Ann Oliver was not the most prudent of business operators. She refused to keep up with times and ran the business in her style. It continued to prosper for a while, but by the early 1960s, William Cadenhead Limited was in trouble. Eventually, the Trustee persuaded Ann to retire and sell the business. At the times of sales, the warehouse and office were full from cellar to ceiling with stocks. The family engaged Christie’s, the famous auction house to help with the sales.

A Six-figure Surplus

Source: WhiskyStore Presentation

The sale of stocks from William Cadenhead took place on 3rd and 4th of October 1972 and went down in history as the largest sale of wine and spirits in Great Britain to that date. The catalogue ran 167 pages. The result was a six-figure surplus over the liabilities of the company.

After the stocks were liquidated, J&A Mitchell & Co Ltd bought the goodwill, premises, etc. of William Cadenhead Limited. The owners of Springbank Distillery purchased the firm with the expectation of receiving glass bottles, which was in shortage. However, what Mr Hedley Wright, the owner of J&A Mitchell, received was a company with a good reputation and future wealth. Nobody knew what happened to those glass bottles that he was after.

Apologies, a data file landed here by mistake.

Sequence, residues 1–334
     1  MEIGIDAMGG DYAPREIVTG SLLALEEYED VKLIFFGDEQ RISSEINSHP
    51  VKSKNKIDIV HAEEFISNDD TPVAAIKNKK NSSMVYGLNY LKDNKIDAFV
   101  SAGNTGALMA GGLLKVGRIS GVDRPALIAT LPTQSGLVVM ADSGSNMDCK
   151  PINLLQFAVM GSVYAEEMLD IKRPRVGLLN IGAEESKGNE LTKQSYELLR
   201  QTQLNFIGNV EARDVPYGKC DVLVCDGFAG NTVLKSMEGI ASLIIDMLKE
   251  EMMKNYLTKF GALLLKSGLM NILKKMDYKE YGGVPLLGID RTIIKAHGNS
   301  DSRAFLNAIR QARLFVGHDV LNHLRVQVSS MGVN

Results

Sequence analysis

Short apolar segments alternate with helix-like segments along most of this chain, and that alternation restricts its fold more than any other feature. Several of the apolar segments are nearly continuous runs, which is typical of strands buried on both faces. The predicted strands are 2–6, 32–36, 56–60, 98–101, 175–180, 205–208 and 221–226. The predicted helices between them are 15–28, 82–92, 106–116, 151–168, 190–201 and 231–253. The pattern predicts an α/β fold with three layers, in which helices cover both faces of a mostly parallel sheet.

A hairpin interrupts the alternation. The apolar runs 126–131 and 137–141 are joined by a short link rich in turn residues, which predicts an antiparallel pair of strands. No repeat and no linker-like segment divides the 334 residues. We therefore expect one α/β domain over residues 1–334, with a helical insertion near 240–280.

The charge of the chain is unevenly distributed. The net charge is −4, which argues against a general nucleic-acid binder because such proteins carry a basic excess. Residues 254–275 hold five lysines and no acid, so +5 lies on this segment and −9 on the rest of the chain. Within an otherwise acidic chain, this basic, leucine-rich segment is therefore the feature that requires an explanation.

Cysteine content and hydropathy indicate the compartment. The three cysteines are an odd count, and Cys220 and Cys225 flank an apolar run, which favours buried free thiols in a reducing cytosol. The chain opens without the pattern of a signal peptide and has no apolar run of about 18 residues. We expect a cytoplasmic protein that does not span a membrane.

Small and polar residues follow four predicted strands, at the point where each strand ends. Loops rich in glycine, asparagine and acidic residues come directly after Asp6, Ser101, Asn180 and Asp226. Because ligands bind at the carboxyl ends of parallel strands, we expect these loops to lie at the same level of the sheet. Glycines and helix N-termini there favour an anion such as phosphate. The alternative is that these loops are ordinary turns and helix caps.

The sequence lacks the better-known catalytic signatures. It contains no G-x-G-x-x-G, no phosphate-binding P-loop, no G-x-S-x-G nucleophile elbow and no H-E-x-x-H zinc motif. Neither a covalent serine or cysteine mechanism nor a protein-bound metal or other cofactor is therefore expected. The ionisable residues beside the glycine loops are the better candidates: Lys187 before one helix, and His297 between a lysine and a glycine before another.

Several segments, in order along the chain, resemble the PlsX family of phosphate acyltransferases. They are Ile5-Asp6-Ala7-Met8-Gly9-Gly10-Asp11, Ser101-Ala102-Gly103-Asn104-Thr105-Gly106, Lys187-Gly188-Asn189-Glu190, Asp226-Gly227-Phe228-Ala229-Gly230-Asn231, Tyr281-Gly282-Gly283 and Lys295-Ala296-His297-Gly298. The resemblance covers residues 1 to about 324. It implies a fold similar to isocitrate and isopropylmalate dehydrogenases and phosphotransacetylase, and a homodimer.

The Beginning of the Modern Era

J&A Mitchell moved William Cadenhead Limited from Aberdeen to Campbeltown after the purchase. It marked the start of the modern era for Cadenhead. J&A adapted the business for modern times but kept the traditional way of choosing what whiskies to bottle. Cadenhead gets a new motto: “We bottle when our spirits are remarkable, not marketable.” This is purely the reason why we see such vast differences from Cadenhead bottlings. J&A also bottles all their spirits in Campbeltown.

The Highland Whiskies

Source: Sarah Thallon

I am getting thirsty from all that history, so let’s dive into the four whiskies that we tasted. Sarah selected four young and frisky whiskies for us to try, and I was pretty excited to try both the Deanston and Fettercairn as I am a fan of those distilleries. All four whiskies have their attractive characteristics, but my personal choice is Fettercairn. I had tried young Fettercairns that were terrible, but I know that Cadenhead is likely not to disappoint. I was right! The Fettercairn 11 Years Old is terrific!